Like the stern, the bow has fallen to port and stands clear of the seabed. Unlike the stern, the starboard side has collapsed to leave pairs of bollards to either side of the deck, and the deck-plate supporting a big anchor-winch (20) slid out to the port side of the wreck.
The anchor hawse-pipes (21) have also broken from the bow, and lie further out to port, together with a strip of three small bollards that would have been a fairlead for a mooring line.
The starboard side of the bow (22) lies curved right over, covered in anemones and dead man’s fingers.
For a no-stop dive, the typically good visibility will make it easy to relocate the shotline to ascend. With anything more than token decompression, a delayed SMB to decompress while drifting with the rising tide and groundswell will be much more comfortable.
STRUCK BY DOOMED U-BOAT
CASTLE EDEN, steam collier. Built 1914, SUNK 1918
KORVETTENKAPITAN KARL KROLL, 4th U-Boat Flotilla commander of U110, was not much interested in the westbound traffic coming out of the British ports.
They would be in ballast, heading to the USA to pick up war materials to help Britain survive the war, writes Kendall McDonald.
Kroll preferred to destroy the fully laden ships of the Atlantic convoys approaching the North Irish coast, carrying war materials to Glasgow or Liverpool. So he tended to avoid risking attacking ships going west past Malin Head – but he did make exceptions.
The 1949-ton Castle Eden was one such exception. She had left Glasgow at 3.30am on 4 March, 1918, heading for Lough Swilly with 2900 tons of coal and timber.
Built by Irvine Shipbuilding Co in West Hartlepool, she was 283ft long and owned by Furness Withy & Co. She carried a 13-pounder stern gun, which her crew had fired only once, in practice.
Karl Kroll might have taken exception to the gun. As Castle Eden chugged towards Malin Head, she was hit in the starboard side of the engine-room by a torpedo from one of U110’s four bow tubes. A firemen was killed in the explosion.
But Castle Eden didn’t seem to want to sink, possibly because of the huge timber cargo on her decks.
Kroll surfaced, and ordered his gunners to finish the job with their 4in gun. The Eden’s crew had abandoned ship only minutes before the German gunners fired 20 shells into her from 800m away.
His victim sunk, Kroll headed off to join other U-boats ravaging Allied convoys. Ten days later, he chose the Royal Mail Steam Packet Co liner Amazon as she loomed in his periscope, 30 miles north-west of Malin Head.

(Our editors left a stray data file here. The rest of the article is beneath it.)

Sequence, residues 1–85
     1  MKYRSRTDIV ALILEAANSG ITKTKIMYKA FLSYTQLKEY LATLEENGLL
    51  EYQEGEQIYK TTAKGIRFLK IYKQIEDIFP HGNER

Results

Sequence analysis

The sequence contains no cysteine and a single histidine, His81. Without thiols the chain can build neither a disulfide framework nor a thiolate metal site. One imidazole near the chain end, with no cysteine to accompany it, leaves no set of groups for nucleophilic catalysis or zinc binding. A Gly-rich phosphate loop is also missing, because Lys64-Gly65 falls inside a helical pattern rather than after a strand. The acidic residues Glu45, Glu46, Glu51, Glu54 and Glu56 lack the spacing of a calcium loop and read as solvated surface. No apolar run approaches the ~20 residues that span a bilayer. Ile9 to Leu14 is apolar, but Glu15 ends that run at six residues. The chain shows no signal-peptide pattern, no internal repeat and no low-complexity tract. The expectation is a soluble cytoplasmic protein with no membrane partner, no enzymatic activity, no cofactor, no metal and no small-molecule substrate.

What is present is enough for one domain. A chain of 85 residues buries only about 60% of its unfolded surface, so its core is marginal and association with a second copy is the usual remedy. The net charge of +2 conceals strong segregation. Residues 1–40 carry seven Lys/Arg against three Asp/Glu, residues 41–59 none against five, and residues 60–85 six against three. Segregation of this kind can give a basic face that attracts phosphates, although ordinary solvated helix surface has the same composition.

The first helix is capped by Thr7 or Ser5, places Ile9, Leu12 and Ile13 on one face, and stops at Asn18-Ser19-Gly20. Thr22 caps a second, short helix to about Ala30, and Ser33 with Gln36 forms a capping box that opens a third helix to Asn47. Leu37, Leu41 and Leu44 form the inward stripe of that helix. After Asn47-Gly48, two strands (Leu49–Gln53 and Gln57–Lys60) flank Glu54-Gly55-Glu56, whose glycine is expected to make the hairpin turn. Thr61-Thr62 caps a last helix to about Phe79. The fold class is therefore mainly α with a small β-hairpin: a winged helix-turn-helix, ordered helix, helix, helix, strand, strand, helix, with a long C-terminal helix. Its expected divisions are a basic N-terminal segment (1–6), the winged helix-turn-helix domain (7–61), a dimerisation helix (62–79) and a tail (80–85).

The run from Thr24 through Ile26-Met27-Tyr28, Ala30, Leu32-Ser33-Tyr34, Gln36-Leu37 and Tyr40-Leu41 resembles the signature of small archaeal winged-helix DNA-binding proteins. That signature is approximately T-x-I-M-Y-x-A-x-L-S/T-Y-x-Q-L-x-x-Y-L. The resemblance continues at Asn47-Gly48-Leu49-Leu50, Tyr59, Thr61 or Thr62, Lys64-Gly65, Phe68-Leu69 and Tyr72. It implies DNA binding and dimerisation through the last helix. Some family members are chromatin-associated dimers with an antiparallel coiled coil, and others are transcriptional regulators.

Failing to notice two escort destroyers, HMS Michael and HMS Moresby, on the horizon, he sank the Amazon with two torpedoes before submerging again.
The destroyers raced to the scene and started picking up Amazon crewmen from their boats. The surface swirl left by the U-boat was soon spotted.
U110 dived to 45m, but Michael dropped two depth charges and Moresby added four. Set to explode at close to the sub’s depth, they damaged her hydroplanes so badly that she plunged out of control to 100m-plus.
Kroll blew his tanks and shot out of the surface like a rocket, only to be sent down again by the destroyers’ gunfire.
Only four Germans survived from U110’s 39 crew. Kroll was not among them.
TIDES: Slack water is essential, and occurs six hours after high water Belfast.
HOW TO FIND IT: The GPS co-ordinates are 55 19.361N, 007 03.382W (degrees, minutes and decimals). The wreck lies across the tide with the bow offshore.
QUALIFICATIONS: Not a difficult wreck to dive, but the depth requires at least BSAC Sports or PADI Advanced.
LAUNCHING: There is a public slip in the harbour at Portstewart.
FURTHER INFORMATION: Admiralty Chart 2811, Sleep Haven to Lough Foyle. Admiralty Chart 2798, Lough Foyle to Sanda Island including Rathlin Island. Shipwreck Index of Ireland, by Richard and Bridget Larn. Irish Wrecks Online by Randall Armstong.
PROS: A pretty steamship in typically excellent visibility.
CONS: Even at slack water there can be a fair surge from a big groundswell.
DEPTH RANGE: 20-35m
DIFFICULTY RATING: 2/5
Thanks to Richard Lafferty.
Appeared in DIVER April 2008